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Scott Janssen

Scott Janssen

Posted: July 8, 2010 01:15 PM

The frustration and embarrassment of the sexual abuse scandal that has plagued the Catholic Church added another chapter recently, this time in Belgium. The quiet European nation was rocked by news their longest standing bishop, Roger Vangheluwe, was to resign after admitting to sexually molesting a young boy. To add more burn to the Vatican's sexual abuse firestorm, Belgian authorities raided Catholic compounds last week, seizing personal computers and cell phones, detaining several bishops for upwards of nine hours, and even opening the tomb of a deceased priest.

The Vatican has been outraged by the Belgian raids, as they have resonated to the point even Pope Benedict XVI weighed in by calling them "deplorable." The Vatican stated it understood the need for justice in the sexual abuse crisis, yet maintained their right to investigate the issue alongside civil authorities. Catholic leaders also expressed anger at Belgian law enforcement for seizing the records of 500 sexual abuse claims being investigated by an independent panel, as the Vatican argued the seizure of those cases violated the privacy of the abuse victims. Though Rome has been furious with the actions of Belgium, many across the globe have been lauding their proactive approach.

"Vatican officials who criticize the Belgian police raid of the Brussels church hierarchy should be ashamed of themselves," stated Joelle Casteix of the Survivors Network of those Abused by Priests (SNAP). "While Roman church officials talk about stopping abuse, Belgian police officials take action to stop abuse."

Oh, snap (an easy punch line, but I've been called easy, too)! So, after years of abusing innocent children and covering it up, the Catholic Church was finally bent over and violated as well, receiving a karmic dosage of their own medicine. And to think all it took was the long, girthy thrust of Belgian law. But, to be fair, the Vatican raised some points during its complaint that merit attention.

One of the points of contention was the Catholic Church's claim it was being left out of the sexual abuse investigation process. The Vatican feels as though it has a right to look into allegations alongside civil authorities, and perhaps that demand isn't too unreasonable. Catholic priests could join Belgian authorities on any raid or investigation by patting down any young child who claims to have been molested, ensuring he's not concealing a weapon. Quips about the child's only weapon being his "cuteness" will be permitted by Belgian authorities, though any innuendo about a child "packing in the pants" will result in trying to keep down one's own lunch.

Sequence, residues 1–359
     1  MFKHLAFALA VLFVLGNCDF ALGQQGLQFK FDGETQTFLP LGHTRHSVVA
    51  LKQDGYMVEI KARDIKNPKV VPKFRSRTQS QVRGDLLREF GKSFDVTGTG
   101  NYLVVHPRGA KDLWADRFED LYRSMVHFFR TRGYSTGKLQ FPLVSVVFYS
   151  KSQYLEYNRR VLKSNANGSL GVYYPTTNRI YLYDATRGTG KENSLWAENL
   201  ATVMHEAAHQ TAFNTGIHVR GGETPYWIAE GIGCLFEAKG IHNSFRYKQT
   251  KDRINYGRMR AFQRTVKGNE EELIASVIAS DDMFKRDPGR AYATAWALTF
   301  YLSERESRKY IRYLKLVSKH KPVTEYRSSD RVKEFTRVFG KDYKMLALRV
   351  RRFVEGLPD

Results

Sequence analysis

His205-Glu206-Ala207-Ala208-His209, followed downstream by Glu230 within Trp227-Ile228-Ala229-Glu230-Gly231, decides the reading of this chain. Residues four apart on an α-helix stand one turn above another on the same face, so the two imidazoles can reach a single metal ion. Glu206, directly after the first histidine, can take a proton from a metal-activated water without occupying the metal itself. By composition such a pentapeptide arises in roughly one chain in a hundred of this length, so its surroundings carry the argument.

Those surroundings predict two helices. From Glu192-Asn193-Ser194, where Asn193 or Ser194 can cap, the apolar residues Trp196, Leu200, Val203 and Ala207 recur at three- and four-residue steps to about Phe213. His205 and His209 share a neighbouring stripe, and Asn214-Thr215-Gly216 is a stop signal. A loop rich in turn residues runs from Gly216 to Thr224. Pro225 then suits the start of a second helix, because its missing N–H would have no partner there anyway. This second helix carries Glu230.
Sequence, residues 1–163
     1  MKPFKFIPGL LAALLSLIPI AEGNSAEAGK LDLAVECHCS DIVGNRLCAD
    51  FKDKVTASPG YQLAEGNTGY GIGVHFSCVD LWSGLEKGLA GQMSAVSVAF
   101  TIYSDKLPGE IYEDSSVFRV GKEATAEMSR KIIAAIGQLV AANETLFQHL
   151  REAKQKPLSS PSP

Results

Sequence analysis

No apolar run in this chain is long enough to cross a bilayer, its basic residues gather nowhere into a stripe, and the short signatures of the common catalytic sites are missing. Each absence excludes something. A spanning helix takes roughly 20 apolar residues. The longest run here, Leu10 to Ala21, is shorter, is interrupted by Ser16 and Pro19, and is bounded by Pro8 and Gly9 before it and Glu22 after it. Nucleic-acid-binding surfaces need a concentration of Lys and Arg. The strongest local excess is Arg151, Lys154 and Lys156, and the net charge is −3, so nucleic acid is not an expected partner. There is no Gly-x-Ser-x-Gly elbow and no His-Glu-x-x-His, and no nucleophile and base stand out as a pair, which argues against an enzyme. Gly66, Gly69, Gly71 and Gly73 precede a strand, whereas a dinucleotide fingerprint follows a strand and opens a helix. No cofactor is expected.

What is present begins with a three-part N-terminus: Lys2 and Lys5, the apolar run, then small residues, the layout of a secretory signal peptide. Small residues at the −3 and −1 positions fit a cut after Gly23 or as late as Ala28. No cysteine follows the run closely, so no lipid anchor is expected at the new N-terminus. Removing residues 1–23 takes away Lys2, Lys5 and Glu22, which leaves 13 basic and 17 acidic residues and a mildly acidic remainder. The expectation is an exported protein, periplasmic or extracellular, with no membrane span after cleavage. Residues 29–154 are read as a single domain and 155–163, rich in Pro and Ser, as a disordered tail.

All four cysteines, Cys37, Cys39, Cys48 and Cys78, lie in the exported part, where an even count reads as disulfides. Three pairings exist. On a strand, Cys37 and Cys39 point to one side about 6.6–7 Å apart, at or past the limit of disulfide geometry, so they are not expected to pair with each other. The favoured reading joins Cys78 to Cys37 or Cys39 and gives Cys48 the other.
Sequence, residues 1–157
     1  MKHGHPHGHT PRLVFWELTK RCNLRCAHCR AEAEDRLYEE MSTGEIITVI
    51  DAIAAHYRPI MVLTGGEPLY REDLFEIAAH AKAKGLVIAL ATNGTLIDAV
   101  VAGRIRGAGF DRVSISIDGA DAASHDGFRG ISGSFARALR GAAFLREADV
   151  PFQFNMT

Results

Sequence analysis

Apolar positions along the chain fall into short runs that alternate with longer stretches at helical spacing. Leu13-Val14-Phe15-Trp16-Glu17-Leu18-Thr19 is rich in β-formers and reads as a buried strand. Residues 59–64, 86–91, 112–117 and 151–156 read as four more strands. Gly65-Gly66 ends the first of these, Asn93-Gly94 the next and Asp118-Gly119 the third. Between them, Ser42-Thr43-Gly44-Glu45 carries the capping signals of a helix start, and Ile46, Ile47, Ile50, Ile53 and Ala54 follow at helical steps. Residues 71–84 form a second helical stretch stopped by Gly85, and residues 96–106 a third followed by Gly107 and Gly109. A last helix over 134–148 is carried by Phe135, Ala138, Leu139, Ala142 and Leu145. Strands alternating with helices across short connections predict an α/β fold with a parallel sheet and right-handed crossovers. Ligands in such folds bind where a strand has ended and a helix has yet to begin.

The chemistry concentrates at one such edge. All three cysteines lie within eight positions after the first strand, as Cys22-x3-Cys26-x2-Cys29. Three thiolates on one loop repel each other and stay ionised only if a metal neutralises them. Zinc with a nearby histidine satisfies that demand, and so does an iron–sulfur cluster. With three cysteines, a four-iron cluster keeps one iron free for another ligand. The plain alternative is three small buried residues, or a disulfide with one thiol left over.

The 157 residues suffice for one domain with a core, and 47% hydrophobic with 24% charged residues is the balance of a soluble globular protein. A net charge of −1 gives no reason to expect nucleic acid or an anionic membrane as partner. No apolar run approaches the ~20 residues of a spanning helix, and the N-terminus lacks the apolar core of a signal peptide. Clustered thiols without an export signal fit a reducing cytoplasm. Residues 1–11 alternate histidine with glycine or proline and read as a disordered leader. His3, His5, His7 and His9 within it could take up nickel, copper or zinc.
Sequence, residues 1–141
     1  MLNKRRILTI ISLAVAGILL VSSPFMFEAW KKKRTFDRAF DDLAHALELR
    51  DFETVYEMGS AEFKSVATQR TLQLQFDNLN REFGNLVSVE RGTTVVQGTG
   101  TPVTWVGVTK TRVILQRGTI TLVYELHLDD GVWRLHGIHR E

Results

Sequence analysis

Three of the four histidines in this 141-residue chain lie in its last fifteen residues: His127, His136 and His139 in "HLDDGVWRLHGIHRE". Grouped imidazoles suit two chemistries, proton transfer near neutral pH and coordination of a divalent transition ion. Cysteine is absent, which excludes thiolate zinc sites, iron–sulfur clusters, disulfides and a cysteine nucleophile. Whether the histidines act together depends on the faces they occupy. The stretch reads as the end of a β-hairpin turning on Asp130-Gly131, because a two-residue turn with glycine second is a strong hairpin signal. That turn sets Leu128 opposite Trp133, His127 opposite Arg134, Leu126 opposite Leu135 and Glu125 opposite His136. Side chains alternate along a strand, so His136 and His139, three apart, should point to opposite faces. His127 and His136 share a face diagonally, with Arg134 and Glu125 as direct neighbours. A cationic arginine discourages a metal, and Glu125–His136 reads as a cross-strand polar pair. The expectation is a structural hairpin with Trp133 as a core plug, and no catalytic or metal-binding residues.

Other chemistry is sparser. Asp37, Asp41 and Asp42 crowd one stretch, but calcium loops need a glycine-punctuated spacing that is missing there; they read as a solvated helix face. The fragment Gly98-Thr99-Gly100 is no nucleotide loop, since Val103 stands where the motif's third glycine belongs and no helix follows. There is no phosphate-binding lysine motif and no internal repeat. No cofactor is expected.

The Vatican was especially enraged by the opening of a deceased priest's grave, a potentially valid point. The Catholic Church has had a longstanding policy that "necrophilia is the line." Though I cannot verify this story with certainty, I attended Catholic schools and my source tells me that priests in training are forced to repeat the phrase "necrophilia is the line" in Gregorian chant until they can resist wandering into a children's cemetery. But even if the crypt was opened to gather DNA evidence from a deceased priest, the action itself was pointless. Why get DNA from a priest's grave when you can simply get swabs of DNA from the chins of millions of children? The latter option seems a more cost-effective and sensitive way to handle the situation.

Another point of contention was the detaining of several bishops for up to nine hours. The Vatican appealed to Belgium's sensibilities, informing Belgian authorities that priests are not used to being locked up in tiny rooms with other people unless it's for confessions. To help accommodate the bishops, law enforcement agents agreed to question the bishops while on their knees. The detainment was originally planned to last only one hour but was extended when one bishop unzipped his pants and said, "Bless this mess," out of habit.

However, out of every injustice the Catholic Church suffered at the hands of Belgian law enforcement, the seizing of over 500 cases of sexual abuse inquiries enraged the Vatican the most. Rome claimed the seizure violated the privacy rights of many victims, but more importantly, it took Catholic officials decades to train those young boys to know when to open and close their mouths.

Scott Janssen is a graduate student, blogger, and all-around drain on society. Follow him at his blog at www.pantslessponderings.com

 

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